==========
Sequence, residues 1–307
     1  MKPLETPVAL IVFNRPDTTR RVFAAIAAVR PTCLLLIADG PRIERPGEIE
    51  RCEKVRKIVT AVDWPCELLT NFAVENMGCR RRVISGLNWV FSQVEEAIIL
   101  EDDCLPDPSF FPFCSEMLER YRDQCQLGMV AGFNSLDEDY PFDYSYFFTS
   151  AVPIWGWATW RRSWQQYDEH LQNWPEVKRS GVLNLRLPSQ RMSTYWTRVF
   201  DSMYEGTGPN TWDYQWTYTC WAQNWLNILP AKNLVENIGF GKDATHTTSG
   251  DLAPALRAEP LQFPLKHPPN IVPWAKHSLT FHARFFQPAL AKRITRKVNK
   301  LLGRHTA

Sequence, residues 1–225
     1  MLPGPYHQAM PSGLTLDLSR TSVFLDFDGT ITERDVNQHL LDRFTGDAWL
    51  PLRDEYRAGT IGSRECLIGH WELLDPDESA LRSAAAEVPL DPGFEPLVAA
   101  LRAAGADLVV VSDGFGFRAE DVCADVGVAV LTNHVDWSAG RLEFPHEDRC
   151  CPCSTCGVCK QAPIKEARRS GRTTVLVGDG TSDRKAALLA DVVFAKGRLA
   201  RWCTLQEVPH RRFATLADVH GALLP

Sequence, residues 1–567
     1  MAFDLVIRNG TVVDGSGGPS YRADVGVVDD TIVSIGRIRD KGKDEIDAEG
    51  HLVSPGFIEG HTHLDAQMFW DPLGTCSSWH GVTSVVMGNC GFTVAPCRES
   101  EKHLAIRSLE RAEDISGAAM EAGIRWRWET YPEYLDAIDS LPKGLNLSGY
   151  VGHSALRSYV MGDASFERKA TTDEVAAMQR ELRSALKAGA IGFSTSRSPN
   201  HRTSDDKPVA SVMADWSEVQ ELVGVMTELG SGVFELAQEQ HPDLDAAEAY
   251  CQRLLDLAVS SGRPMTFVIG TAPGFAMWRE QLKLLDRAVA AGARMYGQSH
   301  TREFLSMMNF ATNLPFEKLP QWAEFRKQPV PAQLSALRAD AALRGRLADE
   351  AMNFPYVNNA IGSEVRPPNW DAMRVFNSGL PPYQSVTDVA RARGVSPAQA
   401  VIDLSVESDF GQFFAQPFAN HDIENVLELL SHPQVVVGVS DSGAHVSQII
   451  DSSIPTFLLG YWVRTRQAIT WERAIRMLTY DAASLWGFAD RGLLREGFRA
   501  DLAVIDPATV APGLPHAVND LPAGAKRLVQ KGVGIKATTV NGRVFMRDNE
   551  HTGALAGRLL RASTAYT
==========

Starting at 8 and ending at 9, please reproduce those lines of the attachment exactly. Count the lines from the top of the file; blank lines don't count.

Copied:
   301  LLGRHTA

Sequence, residues 1–225